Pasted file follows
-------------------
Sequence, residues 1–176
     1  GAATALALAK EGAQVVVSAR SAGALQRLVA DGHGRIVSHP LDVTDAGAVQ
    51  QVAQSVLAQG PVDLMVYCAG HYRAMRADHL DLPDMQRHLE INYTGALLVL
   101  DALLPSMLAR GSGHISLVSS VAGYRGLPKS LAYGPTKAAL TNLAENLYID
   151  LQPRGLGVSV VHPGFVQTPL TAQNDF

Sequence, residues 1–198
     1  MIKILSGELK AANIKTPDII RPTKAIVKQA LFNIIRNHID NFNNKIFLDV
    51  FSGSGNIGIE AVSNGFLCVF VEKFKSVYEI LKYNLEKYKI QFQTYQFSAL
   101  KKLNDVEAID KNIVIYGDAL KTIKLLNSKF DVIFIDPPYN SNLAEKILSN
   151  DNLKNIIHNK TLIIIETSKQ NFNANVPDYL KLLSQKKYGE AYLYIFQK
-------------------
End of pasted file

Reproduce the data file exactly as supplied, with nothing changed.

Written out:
Sequence, residues 1–176
     1  GAATALALAK EGAQVVVSAR SAGALQRLVA DGHGRIVSHP LDVTDAGAVQ
    51  QVAQSVLAQG PVDLMVYCAG HYRAMRADHL DLPDMQRHLE INYTGALLVL
   101  DALLPSMLAR GSGHISLVSS VAGYRGLPKS LAYGPTKAAL TNLAENLYID
   151  LQPRGLGVSV VHPGFVQTPL TAQNDF

Sequence, residues 1–198
     1  MIKILSGELK AANIKTPDII RPTKAIVKQA LFNIIRNHID NFNNKIFLDV
    51  FSGSGNIGIE AVSNGFLCVF VEKFKSVYEI LKYNLEKYKI QFQTYQFSAL
   101  KKLNDVEAID KNIVIYGDAL KTIKLLNSKF DVIFIDPPYN SNLAEKILSN
   151  DNLKNIIHNK TLIIIETSKQ NFNANVPDYL KLLSQKKYGE AYLYIFQK